You are entitled to receive one free credit report from each of the three major credit reporting bureaus (Experian, Equifax and TransUnion) every year. These credit reporting agencies keep detailed records of your credit history. Assessing your credit involves three simple steps:

  1. Download a free copy of all three credit reports.
  2. Review the credit report to find errors.
  3. Prepare a list of items you need to dispute.

Download free credit reports

AnnualCreditReport.com is a website sponsored by the three major credit reporting bureaus, and they are required to provide you with a full credit report every year. The first time that you assess your credit history, download a report from each of the major credit bureaus by following these steps.

Step one: Visit AnnualCreditReport.com and click on the “Request yours now!” link at the top of the page (in red) or the “Request your free credit reports” red box at the bottom of the page.

Step two: Follow the three-step instructions on the website. Download credit reports from all three bureaus, because a mistake may be listed only at one bureau.

Once you’ve filled out the form and requested reports from all three bureaus, you’ll answer some security questions and be directed to your report, one agency at a time. If the security questions trip you up, the website will lock you out of your report, but it will offer a phone number you can call to get your credit report via mail.

Keep in mind that you do not have to access all three credit bureau reports at the same time. If you prefer, you can space out this access over the year. So, for example, you can request a report from Experian in March, then TransUnion in June and Equifax in September.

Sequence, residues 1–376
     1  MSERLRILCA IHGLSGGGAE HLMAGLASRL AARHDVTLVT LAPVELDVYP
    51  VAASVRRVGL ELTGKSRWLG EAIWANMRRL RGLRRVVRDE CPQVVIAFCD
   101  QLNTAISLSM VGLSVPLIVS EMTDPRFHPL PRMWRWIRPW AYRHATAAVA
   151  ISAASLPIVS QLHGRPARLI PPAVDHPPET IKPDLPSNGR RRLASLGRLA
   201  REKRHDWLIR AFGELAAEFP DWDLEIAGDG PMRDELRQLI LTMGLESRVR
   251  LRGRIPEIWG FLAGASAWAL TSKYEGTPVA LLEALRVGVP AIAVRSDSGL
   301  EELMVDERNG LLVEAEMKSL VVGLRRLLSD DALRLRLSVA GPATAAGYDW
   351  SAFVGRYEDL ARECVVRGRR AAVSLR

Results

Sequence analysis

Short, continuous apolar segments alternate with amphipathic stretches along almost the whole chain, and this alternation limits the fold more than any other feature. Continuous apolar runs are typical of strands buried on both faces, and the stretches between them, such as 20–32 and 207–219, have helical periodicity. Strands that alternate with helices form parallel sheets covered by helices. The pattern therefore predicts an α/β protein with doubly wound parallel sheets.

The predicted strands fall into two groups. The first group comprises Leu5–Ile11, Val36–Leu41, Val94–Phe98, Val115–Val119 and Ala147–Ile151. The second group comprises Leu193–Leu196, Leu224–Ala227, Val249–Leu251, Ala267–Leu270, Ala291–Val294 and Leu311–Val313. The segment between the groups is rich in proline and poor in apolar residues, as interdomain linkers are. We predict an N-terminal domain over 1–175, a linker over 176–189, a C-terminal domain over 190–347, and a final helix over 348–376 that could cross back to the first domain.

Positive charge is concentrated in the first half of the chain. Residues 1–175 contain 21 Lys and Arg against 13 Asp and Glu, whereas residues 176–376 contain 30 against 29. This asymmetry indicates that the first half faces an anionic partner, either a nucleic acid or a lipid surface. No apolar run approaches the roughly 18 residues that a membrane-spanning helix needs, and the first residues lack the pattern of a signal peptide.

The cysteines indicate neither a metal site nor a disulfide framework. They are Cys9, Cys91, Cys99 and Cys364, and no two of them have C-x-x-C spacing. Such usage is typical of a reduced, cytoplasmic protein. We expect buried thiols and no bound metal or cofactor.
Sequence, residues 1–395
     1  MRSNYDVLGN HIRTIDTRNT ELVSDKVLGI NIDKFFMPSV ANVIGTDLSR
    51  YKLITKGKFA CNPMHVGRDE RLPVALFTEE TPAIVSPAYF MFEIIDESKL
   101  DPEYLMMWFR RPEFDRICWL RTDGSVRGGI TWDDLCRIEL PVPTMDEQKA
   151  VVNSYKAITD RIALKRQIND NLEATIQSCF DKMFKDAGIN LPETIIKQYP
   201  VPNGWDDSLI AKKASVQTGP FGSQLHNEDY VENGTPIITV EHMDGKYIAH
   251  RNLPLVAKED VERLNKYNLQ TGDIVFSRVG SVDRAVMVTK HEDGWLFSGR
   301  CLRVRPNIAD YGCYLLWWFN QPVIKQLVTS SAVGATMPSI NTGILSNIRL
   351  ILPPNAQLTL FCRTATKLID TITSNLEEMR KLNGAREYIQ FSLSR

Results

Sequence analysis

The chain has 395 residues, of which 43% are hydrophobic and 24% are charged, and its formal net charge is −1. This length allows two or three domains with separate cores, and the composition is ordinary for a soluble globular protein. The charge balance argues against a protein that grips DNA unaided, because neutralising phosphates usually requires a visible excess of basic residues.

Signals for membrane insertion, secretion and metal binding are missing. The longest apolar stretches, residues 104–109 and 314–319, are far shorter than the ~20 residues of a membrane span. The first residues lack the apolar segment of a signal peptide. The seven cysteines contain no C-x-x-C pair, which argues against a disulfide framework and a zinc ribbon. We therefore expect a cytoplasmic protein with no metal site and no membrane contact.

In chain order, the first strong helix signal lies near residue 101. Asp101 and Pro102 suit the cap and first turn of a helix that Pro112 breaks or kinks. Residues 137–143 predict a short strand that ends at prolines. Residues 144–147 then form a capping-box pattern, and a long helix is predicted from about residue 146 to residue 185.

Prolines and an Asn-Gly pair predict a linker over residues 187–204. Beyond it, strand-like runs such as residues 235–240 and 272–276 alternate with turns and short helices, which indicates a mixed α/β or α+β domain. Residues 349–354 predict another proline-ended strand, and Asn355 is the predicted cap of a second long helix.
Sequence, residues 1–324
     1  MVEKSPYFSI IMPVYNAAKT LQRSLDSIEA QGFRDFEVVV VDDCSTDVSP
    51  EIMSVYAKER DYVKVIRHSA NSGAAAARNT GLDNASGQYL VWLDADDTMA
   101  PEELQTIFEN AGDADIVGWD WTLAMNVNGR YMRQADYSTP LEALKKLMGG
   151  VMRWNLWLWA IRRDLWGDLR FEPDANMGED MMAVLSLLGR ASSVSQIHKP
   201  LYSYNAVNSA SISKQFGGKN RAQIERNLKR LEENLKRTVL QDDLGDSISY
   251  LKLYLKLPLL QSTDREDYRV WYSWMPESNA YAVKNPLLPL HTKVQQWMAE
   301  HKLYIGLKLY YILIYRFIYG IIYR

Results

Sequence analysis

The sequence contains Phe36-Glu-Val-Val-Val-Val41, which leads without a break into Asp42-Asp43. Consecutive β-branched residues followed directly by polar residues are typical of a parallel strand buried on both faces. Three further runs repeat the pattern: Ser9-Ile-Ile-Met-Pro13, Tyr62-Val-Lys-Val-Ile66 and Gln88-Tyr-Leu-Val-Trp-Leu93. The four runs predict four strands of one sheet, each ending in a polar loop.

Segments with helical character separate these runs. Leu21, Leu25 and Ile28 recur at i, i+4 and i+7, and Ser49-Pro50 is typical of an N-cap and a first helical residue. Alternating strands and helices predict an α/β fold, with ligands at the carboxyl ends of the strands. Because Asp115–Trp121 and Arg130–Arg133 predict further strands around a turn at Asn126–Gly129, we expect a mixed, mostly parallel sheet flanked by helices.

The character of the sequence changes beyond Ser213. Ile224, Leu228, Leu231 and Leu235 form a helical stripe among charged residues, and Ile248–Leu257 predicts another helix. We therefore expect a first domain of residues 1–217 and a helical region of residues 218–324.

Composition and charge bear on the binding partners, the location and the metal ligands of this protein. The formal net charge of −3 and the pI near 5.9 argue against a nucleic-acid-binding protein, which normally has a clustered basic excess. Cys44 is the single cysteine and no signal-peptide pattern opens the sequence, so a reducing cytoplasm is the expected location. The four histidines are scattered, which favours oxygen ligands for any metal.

After the bureau authenticates you, you’ll be directed to your credit report. In the next step, we’ll show you what you need to review.

Review your credit report

Review every credit reporting agency’s credit report in detail. Each report has the following sections: Credit Summary, Accounts (includes payment history), Inquiries and Negative Information. Reviewing each section can help you understand the source of a poor credit score, and if your report contains errors.

When you review your credit report, you will need to visit each section of your credit report, and keep notes about erroneous information. Remember, there are three bureaus, so you need to repeat this process for all three reports.

The next section details what you should should note.

Take notes

Accounts section
The accounts section contains a detailed history of all accounts (open and closed), your balance and your payment history associated with each account. You should be able to see month-by-month payment information for seven years of history. Each month will have a symbol next to it that indicates whether the account was paid as expected or if it was late.

Review each account, the balance and the payment history, and ask these questions:

  • Do you recognize all of the accounts on your credit report?
  • Are all your closed accounts noted as closed?
  • Does each account have the appropriate account balance listed?
  • Is your payment history accurate?

If you see missed payments that shouldn’t have been there, write them down. Your credit score is negatively impacted when you are 30 days or more past due. If you see a balance on a card that you haven’t used in years, it could be because the account has been stolen. Misinformation in the accounts section harms your credit score, so make a note of all of it.